Dale Shepard, MD, PhD: What do you think are the biggest barriers right now to developing these treatments?

Faiz Anwer, MD:So, a lot of these treatments are still very early in the development phases. Off-target effects will be my concern. Undesirable mutations that can lead to serious consequences such as leukemias will be a concern. And we need to be very careful about if the germline mutations are happening and how that will be impacting the future generation. We need to be careful if this technology is used in animals and in crops, and ultimately the gene pool or the mutations will be released in the environment. So, we need to be careful about that.

Dale Shepard, MD, PhD:When we think of a patient getting one of these treatments, what sort of toxicities? We've talked about the sort of genetic changes that could occur, but patients that get these kinds of therapies, what would the anticipated toxicity be?

Faiz Anwer, MD: So, I can talk about the T-cell based therapies in patients who receive T cell because these are millions of cells, which are capable of finding and killing cancer cell quickly. So that can lead to a certain set of conditions such as cytokine release syndrome where these infection-fighting cells become excited, releasing a lot of proteins. And the cancer cells die and release a lot of proteins, so that can make patients sicker very quickly.

And those patients may have a symptom to suggest they may have a fever, trouble breathing, or blood pressure issues. Because we're using immune system to fight against cancer, we may see some immunosuppression where a patient's body is not able to fight against bacterial and viral infections. So, we need to be careful about that.

Dale Shepard, MD, PhD: And so really, the toxicity is more based on what gets modified by the CRISPR technology, like a T cell rather than any changes that have happened?

Faiz Anwer, MD: That is correct. So I think the other challenge may be there are some diseases, where instead of making changes in the cell outside the body, you want to inject this edited gene into the patient body such as if person has a liver disorder or a lung condition where you cannot take the tissue out and fix it and put back into the body. So, if you're injecting a CRISPR-Cas9-based therapy into the patient body, that can lead to some unique toxicities. And we are still learning from the early-phase clinical trials.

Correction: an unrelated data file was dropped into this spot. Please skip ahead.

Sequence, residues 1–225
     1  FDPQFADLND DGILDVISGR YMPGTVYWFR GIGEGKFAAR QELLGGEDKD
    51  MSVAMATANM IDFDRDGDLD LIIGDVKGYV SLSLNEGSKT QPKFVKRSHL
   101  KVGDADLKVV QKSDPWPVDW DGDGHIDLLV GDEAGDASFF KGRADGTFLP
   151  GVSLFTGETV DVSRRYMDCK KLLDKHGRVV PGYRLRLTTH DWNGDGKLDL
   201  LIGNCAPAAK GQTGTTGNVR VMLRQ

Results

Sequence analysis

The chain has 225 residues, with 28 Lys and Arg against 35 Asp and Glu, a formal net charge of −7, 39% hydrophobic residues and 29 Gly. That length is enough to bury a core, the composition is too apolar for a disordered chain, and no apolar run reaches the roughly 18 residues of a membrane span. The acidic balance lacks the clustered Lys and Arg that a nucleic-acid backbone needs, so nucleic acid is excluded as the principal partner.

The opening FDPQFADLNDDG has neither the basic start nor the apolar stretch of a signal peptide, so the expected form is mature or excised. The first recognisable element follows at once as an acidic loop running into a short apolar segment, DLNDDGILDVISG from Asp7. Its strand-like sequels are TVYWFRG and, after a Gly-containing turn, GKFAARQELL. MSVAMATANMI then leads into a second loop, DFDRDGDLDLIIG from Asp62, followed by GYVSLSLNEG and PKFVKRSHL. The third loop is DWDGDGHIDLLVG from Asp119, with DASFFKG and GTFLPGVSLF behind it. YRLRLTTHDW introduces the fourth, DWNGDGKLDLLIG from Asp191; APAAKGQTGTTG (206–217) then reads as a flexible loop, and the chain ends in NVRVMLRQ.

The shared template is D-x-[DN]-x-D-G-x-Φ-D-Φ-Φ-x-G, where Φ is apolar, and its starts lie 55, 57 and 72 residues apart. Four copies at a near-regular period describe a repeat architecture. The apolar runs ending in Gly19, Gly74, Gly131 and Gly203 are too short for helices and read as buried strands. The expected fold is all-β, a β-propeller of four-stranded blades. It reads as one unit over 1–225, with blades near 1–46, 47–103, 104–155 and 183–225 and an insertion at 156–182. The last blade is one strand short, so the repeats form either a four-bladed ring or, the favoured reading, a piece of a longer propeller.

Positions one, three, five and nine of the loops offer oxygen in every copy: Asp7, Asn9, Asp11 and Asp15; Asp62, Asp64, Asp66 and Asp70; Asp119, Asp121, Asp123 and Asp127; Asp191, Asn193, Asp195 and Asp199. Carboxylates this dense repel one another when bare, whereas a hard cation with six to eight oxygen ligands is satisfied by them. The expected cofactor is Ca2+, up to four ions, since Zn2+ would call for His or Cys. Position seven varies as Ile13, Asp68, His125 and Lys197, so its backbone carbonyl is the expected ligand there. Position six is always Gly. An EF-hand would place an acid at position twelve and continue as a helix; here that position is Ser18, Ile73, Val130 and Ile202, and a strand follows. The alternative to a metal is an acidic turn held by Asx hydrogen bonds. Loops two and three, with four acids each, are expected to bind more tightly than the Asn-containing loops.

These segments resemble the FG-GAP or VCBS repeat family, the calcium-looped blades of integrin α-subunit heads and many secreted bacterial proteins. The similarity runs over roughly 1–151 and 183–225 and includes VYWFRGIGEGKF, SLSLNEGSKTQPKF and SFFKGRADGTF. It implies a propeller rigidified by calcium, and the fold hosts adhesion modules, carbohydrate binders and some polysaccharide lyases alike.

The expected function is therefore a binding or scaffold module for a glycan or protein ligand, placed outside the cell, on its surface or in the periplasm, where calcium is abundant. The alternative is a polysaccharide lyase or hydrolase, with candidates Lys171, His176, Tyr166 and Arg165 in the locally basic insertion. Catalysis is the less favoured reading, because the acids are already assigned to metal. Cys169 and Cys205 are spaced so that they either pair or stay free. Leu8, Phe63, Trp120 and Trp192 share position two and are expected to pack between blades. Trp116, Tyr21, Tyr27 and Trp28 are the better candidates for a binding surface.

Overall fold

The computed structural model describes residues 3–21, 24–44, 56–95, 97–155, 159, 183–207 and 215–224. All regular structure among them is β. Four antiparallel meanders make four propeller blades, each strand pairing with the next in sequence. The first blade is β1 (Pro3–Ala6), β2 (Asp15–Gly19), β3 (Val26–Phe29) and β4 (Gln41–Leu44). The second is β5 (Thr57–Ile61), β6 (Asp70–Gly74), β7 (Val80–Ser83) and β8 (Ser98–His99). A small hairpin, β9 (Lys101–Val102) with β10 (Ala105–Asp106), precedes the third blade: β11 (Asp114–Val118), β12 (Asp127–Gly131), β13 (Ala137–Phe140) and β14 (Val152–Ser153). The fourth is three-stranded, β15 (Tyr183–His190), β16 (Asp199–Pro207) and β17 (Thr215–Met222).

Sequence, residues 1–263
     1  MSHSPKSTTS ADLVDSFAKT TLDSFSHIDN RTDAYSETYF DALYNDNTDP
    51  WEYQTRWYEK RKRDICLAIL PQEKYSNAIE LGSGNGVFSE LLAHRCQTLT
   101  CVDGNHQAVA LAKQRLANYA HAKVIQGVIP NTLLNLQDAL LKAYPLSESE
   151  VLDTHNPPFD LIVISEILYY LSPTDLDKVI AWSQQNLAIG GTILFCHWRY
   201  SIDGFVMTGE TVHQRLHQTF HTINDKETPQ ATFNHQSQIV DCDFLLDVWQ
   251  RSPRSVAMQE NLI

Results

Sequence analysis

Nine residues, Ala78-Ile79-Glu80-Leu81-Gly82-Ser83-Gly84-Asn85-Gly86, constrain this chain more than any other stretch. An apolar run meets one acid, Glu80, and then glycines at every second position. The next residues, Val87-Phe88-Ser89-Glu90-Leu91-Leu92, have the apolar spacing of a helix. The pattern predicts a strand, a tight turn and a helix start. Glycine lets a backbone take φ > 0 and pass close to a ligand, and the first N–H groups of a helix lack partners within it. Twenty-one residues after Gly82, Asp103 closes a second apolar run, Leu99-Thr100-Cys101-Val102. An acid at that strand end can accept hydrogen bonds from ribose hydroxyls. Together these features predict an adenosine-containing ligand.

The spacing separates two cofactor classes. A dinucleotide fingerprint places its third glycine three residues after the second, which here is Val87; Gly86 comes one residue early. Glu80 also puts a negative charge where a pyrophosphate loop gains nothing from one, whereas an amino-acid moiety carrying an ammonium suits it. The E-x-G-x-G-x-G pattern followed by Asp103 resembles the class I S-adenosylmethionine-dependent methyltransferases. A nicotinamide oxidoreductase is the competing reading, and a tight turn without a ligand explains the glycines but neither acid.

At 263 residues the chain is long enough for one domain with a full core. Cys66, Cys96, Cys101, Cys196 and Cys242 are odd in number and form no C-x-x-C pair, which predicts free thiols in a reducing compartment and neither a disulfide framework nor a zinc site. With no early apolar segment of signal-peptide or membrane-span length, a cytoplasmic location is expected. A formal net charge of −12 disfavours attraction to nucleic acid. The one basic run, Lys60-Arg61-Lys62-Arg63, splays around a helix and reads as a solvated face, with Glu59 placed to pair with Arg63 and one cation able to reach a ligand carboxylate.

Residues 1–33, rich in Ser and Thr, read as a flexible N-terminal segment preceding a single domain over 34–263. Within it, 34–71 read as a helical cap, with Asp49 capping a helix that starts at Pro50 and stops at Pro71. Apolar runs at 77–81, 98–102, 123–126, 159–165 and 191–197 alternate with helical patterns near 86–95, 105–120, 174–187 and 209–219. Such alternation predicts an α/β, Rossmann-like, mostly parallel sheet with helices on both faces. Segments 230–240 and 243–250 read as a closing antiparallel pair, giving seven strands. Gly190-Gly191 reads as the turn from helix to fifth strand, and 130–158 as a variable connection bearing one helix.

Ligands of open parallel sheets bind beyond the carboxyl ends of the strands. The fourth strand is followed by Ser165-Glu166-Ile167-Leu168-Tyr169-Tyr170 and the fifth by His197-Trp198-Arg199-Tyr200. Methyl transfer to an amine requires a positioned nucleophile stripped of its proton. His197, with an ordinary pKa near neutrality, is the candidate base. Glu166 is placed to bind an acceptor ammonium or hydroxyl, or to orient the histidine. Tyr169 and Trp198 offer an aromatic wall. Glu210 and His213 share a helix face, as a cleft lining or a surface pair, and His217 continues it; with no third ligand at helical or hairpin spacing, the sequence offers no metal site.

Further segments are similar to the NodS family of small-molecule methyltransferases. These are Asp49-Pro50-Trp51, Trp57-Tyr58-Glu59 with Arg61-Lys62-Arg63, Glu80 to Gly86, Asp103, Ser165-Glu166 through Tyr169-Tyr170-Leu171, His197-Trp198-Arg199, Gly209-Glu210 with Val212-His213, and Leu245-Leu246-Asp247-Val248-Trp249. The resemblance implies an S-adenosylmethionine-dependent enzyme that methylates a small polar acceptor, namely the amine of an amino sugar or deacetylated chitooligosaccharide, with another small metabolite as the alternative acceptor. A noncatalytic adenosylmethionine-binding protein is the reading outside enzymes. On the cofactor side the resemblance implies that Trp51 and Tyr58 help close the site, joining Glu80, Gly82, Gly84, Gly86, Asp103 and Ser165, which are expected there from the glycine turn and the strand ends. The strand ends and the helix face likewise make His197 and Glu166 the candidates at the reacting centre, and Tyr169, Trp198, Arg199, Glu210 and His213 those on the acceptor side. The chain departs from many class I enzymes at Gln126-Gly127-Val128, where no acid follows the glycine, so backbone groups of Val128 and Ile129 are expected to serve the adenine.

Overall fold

Dale Shepard, MD, PhD: From the beginning really, the DNA cutting part that Cas9 part has been pretty consistent, right? And then you mentioned before about changing the specificity with changes in RNA. Are there changes that are being studied in terms of either of those kinds of mechanisms that might lead to a new plateau of efficacy or benefit? Are there better ways to modify either of those to make for better treatments?

Faiz Anwer, MD: So, I gave the reference of a study, which was just published, and it used the CRISPR-Cas9 system, and they studied multiple RNA molecules, which were used as a guide to their DNA focus where the change was ultimately made. And through that constant study and testing of different RNA models, they were able to make this therapy more effective. And for each unique disease and its indication, that's where most of the studies will be done, that how to make use of this therapy and make it safer and more effective and precise. And the cost should come down.

Dale Shepard, MD, PhD: Well, this is certainly something that it's good to see is coming into sort of clinical trial, as you mentioned, in sickle cell actually showing benefit. And good luck with your study, and I appreciate all your insights today.

Faiz Anwer, MD: Well, thank you so much. It was a pleasure talking to you.

Dale Shepard, MD, PhD: To make a direct online referral to our Taussig Cancer Institute, complete our online cancer patient referral form by visiting clevelandclinic.org/cancerpatientreferrals. You'll receive confirmation once the appointment is scheduled.

This concludes this episode of Cancer Advances. For more podcast episodes, visit our website, clevelandclinic.org/canceradvancespodcast. Subscribe on Apple Podcasts, Spotify, or wherever you listen to podcasts. Don't forget, you can access real time updates from Cleveland Clinic's Cancer Center experts on our Consult QD website at consultqd.clevelandclinic.org/cancer.

Thank you for listening. Please join us again soon.